Nope. It’s 120 behind a leaf shutter, just work it. The DOF at F4 is just shallow enough without being a handicap. Push your 400 to 1600 if you need to and go make photos.
OK, I’ve gushed. If you’re still with me, I thank you. Now, what about the caveats, because there have to be some at this point right? I can only speak for myself, (since I’m smarter than an AF system) but I have never had any of the “commonplace” out of focus images I’ve read about. It’s amazing how many people online have no idea how to use a single AF spot, and that we got by without 199 of them in our viewfinders for years. I’ve had my example to the mothership at Fuji Repair in NJ twice. Once was for a loose shutter release that was on its way to breaking completely and the other was for a stripped film advance gear almost 5 years later that was giving me incredibly creative (nevertheless unwanted) double and triple frame compositions.
When I received the camera back the first time, I am happy to report that Fuji Repair inspected all mechanisms and replaced the entire shutter release assembly, as well as performed a preventative silent recall service (from decades ago) on the LCD. The second repair was unsuccessful due to a lack of parts anywhere in the supply chain. Not content to roll over and let my old pal waste away, I got in touch with the Fuji doctor, Frank Marshman at Camera-Wiz. His advice was to pick up another one since they’re cheap enough to be disposable.
So I own a dead camera. I keep it with the sincere hope that I can have a replacement part 3D printed, or find a cheap parts camera in the future. The Fuji owes me nothing, but I feel as though I would be letting go of an old friend to junk it or sell for parts. I tend not to form attachments to equipment; the camera and lens are simply tools to make an image. The GA is a different case for me. We’ve traveled together. I’ve watched my little girl grow up through its finder. It has recorded holidays, Christmases, milestones good and bad. Don’t judge me, we’ll be together again someday.
Now, what can I tell you about the GA that you haven’t already read 13 times elsewhere online?
- The vertical lugs are lovely, and the camera hangs comfortably from a shoulder or around the neck.
- When you take a photo in a quiet place you can keep the shutter release engaged until you’re at a better moment to wind on. Advance the film when the dirty looks from the AF motor have died down.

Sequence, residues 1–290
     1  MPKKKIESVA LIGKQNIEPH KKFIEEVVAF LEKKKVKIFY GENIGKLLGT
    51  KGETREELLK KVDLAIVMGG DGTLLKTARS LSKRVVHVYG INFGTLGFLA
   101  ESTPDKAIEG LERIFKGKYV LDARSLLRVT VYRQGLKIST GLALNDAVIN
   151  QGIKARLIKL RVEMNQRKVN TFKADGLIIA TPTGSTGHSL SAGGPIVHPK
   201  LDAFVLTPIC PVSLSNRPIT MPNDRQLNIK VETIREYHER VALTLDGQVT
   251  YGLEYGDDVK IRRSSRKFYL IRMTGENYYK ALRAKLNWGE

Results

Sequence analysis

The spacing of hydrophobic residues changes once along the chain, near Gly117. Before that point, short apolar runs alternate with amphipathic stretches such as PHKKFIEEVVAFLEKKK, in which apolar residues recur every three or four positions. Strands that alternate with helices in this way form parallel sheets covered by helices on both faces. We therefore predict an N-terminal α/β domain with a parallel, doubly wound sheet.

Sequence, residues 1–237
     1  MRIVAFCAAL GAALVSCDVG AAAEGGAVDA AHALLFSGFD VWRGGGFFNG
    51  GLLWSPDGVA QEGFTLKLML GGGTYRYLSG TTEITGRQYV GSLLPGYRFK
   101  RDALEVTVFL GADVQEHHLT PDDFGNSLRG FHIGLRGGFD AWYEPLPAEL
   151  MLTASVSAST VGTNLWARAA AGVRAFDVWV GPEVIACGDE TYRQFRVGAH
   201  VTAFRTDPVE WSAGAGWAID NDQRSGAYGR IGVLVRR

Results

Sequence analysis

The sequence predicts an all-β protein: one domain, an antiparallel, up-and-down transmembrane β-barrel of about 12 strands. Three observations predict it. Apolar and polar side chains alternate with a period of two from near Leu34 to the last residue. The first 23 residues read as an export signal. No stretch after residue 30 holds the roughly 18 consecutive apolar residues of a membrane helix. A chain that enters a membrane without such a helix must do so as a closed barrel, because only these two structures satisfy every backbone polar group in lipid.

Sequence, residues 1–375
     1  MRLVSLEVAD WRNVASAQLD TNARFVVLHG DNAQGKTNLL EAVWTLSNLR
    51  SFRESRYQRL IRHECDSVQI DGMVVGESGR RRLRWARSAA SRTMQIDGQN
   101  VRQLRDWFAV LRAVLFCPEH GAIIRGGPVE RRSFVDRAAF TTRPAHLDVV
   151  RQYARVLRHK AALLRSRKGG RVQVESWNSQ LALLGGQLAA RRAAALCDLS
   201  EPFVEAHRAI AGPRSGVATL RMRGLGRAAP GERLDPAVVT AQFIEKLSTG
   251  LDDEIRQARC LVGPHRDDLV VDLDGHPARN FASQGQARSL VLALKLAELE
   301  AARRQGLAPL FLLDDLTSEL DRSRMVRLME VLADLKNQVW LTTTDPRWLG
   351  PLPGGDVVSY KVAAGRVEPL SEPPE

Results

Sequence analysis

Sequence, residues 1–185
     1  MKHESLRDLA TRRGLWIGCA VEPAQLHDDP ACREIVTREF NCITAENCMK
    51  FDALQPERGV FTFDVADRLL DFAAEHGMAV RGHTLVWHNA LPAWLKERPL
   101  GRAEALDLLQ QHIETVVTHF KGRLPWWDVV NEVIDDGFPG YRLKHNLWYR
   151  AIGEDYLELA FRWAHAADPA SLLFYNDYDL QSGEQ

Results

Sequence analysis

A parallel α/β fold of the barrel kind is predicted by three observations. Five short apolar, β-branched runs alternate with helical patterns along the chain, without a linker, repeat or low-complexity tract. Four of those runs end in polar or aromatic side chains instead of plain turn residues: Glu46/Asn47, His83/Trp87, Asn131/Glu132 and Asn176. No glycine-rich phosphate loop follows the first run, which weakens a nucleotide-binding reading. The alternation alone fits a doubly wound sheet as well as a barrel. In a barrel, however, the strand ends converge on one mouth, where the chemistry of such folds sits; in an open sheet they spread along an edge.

- While loading film, to take up slack you can use the top control dial to advance the film take-up 1/4″ at a time. Handy to eliminate the fabled “GA645 fat roll” myth (which is really just sloppy loading).
- The GA will take 120 or 220 film, of you’re in possession of a time machine.
- The camera is as simple to use as any point-and-shoot on the market. Perhaps easier because of the monster, coated viewfinder. Give this to a stranger to take your portrait at Disney, and you’ll get a keeper in one shot providing they’re not legally blind.
- The GA will imprint the date, shooting mode, shutter speed, and lens aperture in the margins beside every frame. It’s very convenient.
- The Fujifilm Strobe GA is a forgotten gem of a flash, designed to cover the portrait orientation 645 frame. Enjoy full sync flash at any speed since the GA uses a leaf shutter.
The GA isn’t the high school valedictorian. The GA never ran for student council, wasn’t Prom Queen and never got elected most-likely-to-do anything. The GA is the kid you sort of knew through a friend and lost track of after graduation. What you don’t know is that they’ve quietly become a rocket scientist, orthopaedic surgeon or deep sea welder. They’re the sort that doesn’t talk about their income and is happy for the work to speak for itself. The GA645 brags only on its resume. Results talk, BS walks.
My conclusion, don’t bother. The GA645 is certainly not worth your time. They’re big, noisy, funny looking and people will laugh at you when you go out shooting. Fuji? Didn’t they make film once? Spend your money on a proper camera, like a Hasselblad. Ugh, and 645? Such a waste of effort.
It’ll be our secret.
Note: This article originally appeared on Matthew Thompson’s Twin Lens Reflux blog in June 2016 and has been recreated here as part of a digital archive of that website.